( …) “Burgess was a Marxist, but he liked good English tailoring too much to be a rabid revolutionary. In the film he is shocked that anybody would consider him dangerous.
( …) “Burgess says: "So little,
music, little art. Timid, tasteful, nice. But one loves it, one loves it."
He died far from little England .
On September 1, 1963, an official of a England Moscow
hospital announced that Jim Andreyevich Elliott -- the name by which Burgess
was known in
-- had died from heart disease. The "Internationale" was played at
his funeral three days later. Apart from MacLean, no one of note attended.” Russia
An Englishman Abroad is a 1983 BBC television drama film, based on the true story of a chance meeting of an actress, Coral Browne, with Guy Burgess (Alan Bates), a member of the Cambridge spy ring who spied for the Soviet Union while an officer at MI6. The production was written by Alan Bennett and directed by John Schlesinger; Browne stars as herself.
The film is set is
in 1958, after Burgess had fled to the
city following MI6's detection of his treason. Burgess barges into Browne's
dressing room in the interval of a touring Shakespeare Memorial Theatre (which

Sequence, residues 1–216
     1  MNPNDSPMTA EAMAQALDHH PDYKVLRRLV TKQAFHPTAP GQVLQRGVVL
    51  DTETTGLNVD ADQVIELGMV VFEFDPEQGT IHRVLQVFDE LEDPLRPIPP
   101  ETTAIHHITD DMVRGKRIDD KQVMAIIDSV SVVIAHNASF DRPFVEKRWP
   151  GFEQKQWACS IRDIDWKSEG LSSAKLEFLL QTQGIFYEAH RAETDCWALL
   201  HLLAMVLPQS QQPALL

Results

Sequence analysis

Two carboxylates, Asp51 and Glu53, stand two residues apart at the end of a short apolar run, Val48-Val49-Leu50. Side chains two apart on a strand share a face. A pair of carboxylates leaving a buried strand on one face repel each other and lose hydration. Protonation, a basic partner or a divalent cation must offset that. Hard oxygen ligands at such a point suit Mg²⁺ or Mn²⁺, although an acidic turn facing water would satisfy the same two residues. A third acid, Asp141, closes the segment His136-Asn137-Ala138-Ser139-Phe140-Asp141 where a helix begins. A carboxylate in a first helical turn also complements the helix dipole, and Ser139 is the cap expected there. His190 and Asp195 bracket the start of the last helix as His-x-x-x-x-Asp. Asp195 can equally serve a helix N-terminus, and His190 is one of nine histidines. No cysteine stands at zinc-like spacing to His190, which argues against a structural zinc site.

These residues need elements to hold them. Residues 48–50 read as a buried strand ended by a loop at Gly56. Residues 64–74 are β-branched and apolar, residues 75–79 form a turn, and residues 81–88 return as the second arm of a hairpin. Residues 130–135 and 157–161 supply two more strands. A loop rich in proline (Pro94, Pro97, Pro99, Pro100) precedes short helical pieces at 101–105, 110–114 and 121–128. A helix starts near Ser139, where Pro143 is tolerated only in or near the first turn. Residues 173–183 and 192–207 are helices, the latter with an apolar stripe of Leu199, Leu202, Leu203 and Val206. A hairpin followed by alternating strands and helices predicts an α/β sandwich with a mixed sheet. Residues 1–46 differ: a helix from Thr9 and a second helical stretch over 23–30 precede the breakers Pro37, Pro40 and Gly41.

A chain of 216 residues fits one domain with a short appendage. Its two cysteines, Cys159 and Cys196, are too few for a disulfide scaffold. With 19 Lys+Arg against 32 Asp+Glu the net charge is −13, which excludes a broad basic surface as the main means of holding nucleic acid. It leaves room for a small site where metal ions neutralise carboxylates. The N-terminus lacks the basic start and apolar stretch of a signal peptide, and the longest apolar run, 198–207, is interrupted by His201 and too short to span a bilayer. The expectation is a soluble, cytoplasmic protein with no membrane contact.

became one of the bases of the Royal Shakespeare Company) production of Hamlet,
in which she portrayed Gertrude, and charms her. Later on she is invited to his
Moscow Moscow flat, finding it with some difficulty, to
measure him for a suit that he would like ordered from his tailor. London
Rather than film in the Soviet Union, Schlesinger used several locations in
. The Caird Hall and
Whitehall Theatre in Dundee stood in for the Moscow theatre, and the grand marble
staircase of Glasgow City Chambers played the part of the British Embassy.Additional
filming was done at Glasgow's St. Andrew's Suspension Bridge ("luckily, in
a snowstorm" Bennett later wrote) and the Moss Heights flats in Cardonald,
which represented Burgess' Moscow apartment. Scotland
Both Browne and Bates were winners of the BAFTA awards for acting for their roles in this production.
Bennett gives the date of Browne's meeting with Burgess as
the introduction to his Single Spies, which contains the text of An Englishman
Abroad in the stage play version and the text of A Question of Attribution
about Anthony Blunt.